The Warehouse

Dave Eggers wrote a metaphorical novel in 2015 warning about the control users eagerly provide social media start-ups and search engine giants. In The Circle, employees live, work, eat, and play within a professional compound where their lives are transparently transmitted in return for likes and retweets. Rob Hart taps into that zeitgeist with The Warehouse, which is more thriller than notice. He presents a future where the world’s all-consuming online retailer, The Cloud, provides their employees work, housing, and healthcare to feed their consumption while video monitors proselytize the gospel of consumerism and fresh burgers ground out contentment.

Eggers’ Circle is Spielberg’s Minority Report (minus the chase scenes and Tom Cruise’s hair); Hart’s Warehouse is Michael Bay’s The Island with all the chase, hair, and explosions it can muster.

Aside from the PSAs and scripted commercials, which make for a jarring read but will work spectacularly in the upcoming Ron Howard adaptation, Hart splits the narrative between three main characters: Paxton, a former CEO now working the Cloud security beat; Zinnia, a corporate spy with killer looks and moves; Gibson Wells, the Bezos-ian All-Father of the Cloud, dying of cancer. Each have their own voice, a separate pattern that makes for an enjoyable read: Paxton’s defeatism; Zinnia’s mission-oriented goals; Gibson’s Republican rhetoric. Paxton and Zinnia learn to say hello to the Cloud, and each other, while Gibson embarks on his final victory lap.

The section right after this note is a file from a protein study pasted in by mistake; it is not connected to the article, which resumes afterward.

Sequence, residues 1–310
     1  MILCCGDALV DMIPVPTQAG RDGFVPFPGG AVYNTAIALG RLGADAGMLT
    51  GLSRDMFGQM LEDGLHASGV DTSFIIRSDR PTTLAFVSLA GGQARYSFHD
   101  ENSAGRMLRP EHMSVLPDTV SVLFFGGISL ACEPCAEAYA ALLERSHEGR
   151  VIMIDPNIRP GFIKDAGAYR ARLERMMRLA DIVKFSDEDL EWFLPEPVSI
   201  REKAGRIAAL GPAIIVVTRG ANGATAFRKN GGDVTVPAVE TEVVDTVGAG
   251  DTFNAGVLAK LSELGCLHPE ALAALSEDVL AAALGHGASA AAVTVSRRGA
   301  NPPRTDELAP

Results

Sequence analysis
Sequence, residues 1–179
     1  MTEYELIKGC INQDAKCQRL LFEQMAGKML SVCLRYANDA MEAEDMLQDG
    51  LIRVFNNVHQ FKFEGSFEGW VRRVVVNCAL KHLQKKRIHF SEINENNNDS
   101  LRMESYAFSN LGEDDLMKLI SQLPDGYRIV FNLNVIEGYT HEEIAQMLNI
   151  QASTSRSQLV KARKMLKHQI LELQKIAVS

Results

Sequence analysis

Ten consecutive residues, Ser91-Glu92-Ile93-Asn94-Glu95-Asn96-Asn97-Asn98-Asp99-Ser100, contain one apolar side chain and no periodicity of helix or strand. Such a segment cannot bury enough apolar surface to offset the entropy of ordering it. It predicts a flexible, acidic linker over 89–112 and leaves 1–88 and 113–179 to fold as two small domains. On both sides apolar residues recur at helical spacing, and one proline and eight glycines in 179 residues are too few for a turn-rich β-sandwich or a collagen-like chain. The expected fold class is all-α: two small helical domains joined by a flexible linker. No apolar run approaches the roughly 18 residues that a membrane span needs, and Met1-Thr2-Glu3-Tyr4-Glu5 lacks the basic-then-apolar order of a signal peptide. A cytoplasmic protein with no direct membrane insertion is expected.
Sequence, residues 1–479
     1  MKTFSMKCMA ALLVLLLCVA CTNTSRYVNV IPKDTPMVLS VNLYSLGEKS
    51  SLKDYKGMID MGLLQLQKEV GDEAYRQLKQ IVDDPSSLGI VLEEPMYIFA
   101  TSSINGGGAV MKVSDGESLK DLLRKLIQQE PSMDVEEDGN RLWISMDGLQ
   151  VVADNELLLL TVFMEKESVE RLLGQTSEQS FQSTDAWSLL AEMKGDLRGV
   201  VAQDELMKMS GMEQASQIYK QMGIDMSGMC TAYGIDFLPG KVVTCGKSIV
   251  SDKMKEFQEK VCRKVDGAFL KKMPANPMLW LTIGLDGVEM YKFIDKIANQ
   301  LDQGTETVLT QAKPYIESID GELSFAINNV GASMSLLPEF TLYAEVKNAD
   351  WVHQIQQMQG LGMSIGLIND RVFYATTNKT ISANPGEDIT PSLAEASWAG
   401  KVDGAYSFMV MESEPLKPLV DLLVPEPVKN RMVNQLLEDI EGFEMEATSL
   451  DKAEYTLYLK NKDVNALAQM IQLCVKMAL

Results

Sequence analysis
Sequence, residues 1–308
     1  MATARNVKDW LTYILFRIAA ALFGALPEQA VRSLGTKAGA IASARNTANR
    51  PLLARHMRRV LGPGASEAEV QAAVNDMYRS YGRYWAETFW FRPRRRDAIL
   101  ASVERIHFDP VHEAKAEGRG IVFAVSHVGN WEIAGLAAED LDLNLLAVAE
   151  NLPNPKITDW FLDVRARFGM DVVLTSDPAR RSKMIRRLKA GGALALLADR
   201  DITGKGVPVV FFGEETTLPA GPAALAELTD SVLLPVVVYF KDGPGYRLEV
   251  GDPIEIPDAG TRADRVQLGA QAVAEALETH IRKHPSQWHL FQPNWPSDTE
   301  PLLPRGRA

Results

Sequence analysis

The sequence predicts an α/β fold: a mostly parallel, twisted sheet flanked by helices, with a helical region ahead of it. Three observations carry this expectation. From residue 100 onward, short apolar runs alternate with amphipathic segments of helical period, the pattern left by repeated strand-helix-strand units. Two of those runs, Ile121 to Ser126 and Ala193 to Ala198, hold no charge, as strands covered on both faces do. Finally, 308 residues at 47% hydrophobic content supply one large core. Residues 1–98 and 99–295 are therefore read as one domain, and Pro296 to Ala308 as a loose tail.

Hart builds within the Cloud an environment that is both SciFi cool and hauntingly wanting. Whereas EggersCircle wants to keep their drones happy and active and fresh, the Cloud provides the basest of lifestyles. And aside from its energy and news-based initiatives, the Cloud solely seems focused on consumerism – not media or communications or even space travel that all Prime members now expect. Hart digs deep into this environment but in doing so ignores any outside industry, religion, or even sports, which all must surely exist yet are never touched. Instead he presents a question. Does menial work, stable pay, and basic housing equate happiness? Zinnia’s answer is a rocket-fire of a no. Paxton’s response is murkier. Hart’s follow-up is even deeper. Can freedom be minimized in favor of security? The Warehouse is a surprisingly entertaining ride of an answer.

 

Thanks to NetGalley and Crown for this ARC. Wasn’t sent to me via drone, but I guess it’s all only a matter of time now…

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